Having your age surrounded by black makes it look eerie and unreal. So we'd better simulate some atmosphere
For the atmosphere we will use a sky dome, an area surrounding your age that has a texture of a sky on it, so the player will get the illusion of a sky.
For the sky dome, we will use this image:
(The image is made by M@dcow, and downloaded from here, it's free to use in any way, so I modified it a bit for our purposes)
Now, this texture is a bit large, but well, it has to encompass the entire view, so it probably should be large.
Our sky dome will be based on a sphere, surrounding the island.
Place the 3D Cursor on the center of the island, go into Top view and center ([C]).
Now, add a sphere ([Space]->Add->Mesh->UVSphere).
You don't need to make it very detailed, about 16 Segments and 32 Rings should suffice.
After the sphere is created, flip the normals if needed, so that they point inwards
One sure way to do it is pressing Ctrl-Shift-[N] to recalculate the inside.
Now, scale up the sphere, so make it encompass your island bigtime.
Now, we're going to map the sphere.
Go to Top view, and center on the Sphere (select it and press Numpad-[.])
Go into UV edit mode, and select all faces.
Press [U] to select an automatic mapping, and choose Sphere from view
Now, don't forget to select the sky image in the UV/Image editor
Notice how the sun and cloudes don't line out nicely with what you'd expect...
This won't do, so we must adjust our model again.
Back to the Model
The sphere shape obviously doesn't really work as an acceptable model of the sky. Mostly this is because the sky - as we perceive it from a surface point isn't a sphere, but more like half of a sphere...
So, we're going to change it - no, not simply chop off the bottom, we're going to make the bottom flat.
We will start by cutting off part of the mesh.
Go into Side view and enter Edit mode.
Now, select most of the vertices on the bottom half, but leave three rings below the "equator" of the sphere unselected.
Press [Del] to delete the vertices you just selected.
Next, select the lower row of vertices, and go into scaling mode (press [S]).
Now, manually type in 0.0 to join the vertices into one spot
After doing that, move the set of vertices up by about half the distance between rings.
Now select the two rings above them one ring at a time, and shrink them a little, so that you get a nice approximation of a curve.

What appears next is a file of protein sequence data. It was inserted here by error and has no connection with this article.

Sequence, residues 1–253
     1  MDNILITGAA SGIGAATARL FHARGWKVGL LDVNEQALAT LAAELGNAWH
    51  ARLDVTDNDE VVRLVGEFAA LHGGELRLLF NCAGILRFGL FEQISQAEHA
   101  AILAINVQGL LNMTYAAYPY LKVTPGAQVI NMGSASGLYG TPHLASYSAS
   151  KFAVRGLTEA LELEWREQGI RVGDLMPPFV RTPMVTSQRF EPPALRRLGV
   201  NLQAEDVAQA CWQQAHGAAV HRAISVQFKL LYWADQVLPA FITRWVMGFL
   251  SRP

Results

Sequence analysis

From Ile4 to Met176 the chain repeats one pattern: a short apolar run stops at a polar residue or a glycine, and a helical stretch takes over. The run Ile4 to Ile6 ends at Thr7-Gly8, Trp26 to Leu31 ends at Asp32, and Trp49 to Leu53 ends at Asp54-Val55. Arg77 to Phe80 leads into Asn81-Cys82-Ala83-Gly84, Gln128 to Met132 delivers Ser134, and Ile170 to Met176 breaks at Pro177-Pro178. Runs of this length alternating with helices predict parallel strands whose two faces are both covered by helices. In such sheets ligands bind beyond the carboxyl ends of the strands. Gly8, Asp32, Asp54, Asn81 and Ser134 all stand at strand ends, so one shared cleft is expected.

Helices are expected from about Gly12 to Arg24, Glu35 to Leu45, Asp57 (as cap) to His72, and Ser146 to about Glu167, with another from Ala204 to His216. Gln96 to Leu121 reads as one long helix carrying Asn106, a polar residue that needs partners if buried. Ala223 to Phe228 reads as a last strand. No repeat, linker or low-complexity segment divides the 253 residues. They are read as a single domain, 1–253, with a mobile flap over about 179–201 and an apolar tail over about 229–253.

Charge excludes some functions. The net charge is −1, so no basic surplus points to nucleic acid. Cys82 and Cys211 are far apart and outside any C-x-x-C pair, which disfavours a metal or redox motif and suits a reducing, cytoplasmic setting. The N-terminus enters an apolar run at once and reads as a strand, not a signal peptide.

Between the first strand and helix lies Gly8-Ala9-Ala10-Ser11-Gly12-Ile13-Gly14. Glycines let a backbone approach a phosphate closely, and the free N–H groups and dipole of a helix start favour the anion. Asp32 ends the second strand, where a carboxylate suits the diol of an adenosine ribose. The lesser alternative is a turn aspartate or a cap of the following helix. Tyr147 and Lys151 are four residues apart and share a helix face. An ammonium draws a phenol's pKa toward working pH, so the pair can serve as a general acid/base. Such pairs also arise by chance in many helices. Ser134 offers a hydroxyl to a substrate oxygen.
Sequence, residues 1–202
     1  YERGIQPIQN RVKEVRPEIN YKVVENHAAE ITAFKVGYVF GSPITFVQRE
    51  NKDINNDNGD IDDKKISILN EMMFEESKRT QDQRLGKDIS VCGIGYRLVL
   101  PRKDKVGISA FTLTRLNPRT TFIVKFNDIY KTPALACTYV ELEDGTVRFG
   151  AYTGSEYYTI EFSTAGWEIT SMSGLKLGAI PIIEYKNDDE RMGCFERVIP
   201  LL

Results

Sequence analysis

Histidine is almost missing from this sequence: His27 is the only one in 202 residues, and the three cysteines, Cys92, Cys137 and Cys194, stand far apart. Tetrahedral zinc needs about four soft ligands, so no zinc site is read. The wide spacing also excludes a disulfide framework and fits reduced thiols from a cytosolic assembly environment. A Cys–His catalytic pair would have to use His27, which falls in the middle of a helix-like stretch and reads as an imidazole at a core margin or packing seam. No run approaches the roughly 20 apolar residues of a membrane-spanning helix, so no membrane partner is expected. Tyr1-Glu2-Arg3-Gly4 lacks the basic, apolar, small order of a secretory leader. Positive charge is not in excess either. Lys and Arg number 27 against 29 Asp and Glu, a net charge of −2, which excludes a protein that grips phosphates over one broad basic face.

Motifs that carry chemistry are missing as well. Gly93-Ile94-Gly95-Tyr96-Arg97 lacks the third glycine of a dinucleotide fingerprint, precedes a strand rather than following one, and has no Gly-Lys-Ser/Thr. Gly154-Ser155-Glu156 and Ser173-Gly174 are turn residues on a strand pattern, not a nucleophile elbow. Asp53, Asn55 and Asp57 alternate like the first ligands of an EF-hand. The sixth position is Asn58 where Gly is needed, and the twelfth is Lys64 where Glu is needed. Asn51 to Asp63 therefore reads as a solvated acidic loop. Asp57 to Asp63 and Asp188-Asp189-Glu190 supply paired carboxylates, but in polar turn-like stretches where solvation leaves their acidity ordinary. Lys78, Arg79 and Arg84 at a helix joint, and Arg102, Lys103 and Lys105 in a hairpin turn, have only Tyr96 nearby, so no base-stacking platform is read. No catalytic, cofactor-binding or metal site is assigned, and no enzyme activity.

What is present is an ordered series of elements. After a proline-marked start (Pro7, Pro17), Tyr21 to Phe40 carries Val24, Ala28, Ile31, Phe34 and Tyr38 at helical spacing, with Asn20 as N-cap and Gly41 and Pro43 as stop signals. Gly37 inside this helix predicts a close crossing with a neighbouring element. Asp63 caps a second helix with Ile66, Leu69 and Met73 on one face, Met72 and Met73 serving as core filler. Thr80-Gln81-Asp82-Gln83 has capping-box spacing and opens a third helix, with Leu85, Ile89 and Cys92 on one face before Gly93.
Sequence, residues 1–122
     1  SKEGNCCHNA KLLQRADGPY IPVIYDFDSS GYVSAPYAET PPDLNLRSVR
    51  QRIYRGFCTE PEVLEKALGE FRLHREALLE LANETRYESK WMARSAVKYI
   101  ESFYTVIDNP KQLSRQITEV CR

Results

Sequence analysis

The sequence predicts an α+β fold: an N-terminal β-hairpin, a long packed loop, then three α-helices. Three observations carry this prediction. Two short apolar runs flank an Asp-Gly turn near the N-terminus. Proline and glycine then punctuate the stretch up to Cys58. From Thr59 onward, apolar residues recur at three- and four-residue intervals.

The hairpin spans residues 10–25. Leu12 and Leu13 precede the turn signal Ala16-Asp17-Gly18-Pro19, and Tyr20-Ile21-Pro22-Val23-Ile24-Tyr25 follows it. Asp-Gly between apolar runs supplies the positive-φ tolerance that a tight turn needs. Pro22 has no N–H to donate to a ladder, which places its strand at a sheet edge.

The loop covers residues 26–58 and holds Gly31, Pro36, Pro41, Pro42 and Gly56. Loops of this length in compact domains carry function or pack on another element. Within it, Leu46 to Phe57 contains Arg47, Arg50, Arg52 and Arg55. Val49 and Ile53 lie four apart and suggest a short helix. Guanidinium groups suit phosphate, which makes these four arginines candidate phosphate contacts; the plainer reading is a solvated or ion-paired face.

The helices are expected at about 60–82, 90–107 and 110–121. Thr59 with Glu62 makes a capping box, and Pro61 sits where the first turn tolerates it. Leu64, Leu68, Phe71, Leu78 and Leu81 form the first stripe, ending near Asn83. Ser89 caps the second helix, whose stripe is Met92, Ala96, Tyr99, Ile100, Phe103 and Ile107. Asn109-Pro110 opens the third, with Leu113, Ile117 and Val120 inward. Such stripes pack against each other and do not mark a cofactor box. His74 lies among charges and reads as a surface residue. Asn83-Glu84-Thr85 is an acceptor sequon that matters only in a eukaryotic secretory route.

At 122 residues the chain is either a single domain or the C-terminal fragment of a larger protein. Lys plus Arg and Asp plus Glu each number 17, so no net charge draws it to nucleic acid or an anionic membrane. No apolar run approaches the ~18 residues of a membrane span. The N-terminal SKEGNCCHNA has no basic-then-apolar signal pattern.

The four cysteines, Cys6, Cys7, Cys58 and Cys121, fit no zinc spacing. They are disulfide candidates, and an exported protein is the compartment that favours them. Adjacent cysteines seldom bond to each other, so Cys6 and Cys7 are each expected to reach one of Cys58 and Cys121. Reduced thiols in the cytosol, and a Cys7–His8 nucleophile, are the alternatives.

Properly UVmapping it
Now, if you exit editmode, the sky still won't seem right - we'll need to UV-map it a little more. Go to UV edit mode ([F]), and select all faces.
Now, in the UV/Image Editor select all vertices, and scale and move them in the Y direction (you can do that by pressing [Y] during scale or move), so that it covers all of the image.
Take care to map it precisely - especially on the top!
For a nice result, you don't want to have the top vertex be higher than the image bounds, but also not too much lower than the top of the image. Use the scroll wheel on your mouse to zoom in.
On the bottom, you can be a little more lenient.
Note how it now looks a lot more like the view from an island, with a plane of water and sky above it...
The bottom water part doesn't look too good at the moment, but suprisingly, that's not much of a problem in practice.
By now you know the drill:
Add a material, and add an image texture containing the Sky image, to finish it up.
One important thing though:
Since the Sky Dome is so big, we'll need to make it impervious to fog.
Now, you probably noticed in the picture above that the sun in the SkyDome texture doesn't match up with the actual light-source that is supposed to be the sun.
We'd better change that, by either rotating the SkyDome, or placing the map different.
You can do either, but in this case it's easier to rotate the SkyDome.
In this case, the light-source was already at the correct height as well, but in your case, you should probably move it a bit to get it at the correct height.
Simulating diffuse light
In real life, we have all sorts of diffuse light that comes onto us (or any object) wherever we are. So even in direct sunlight, we aren't black on the backside.
In a 3D simulation this isn't the case. To simulate this effect, we'll need to add one or two weak light sources that affect us.
The first one:
Duplicate the sun, and move it so it shines almost right down onto of the island. Do offset it a little to the side (not towards the "real" sun ofcourse) so that it lights the parts on your avatar that aren't normally lit.
The second one:
Duplicate the light you just made, and move it to below the island, as this one will light the places that the other one doesn't reach.
From the top view, also move it to the other side as the two other lights, so the distribution will be a bit more evenly.
We're now almost ready to revisit our age. But first, let's get something ready to play with...
How about Taking A Beach Ball With You?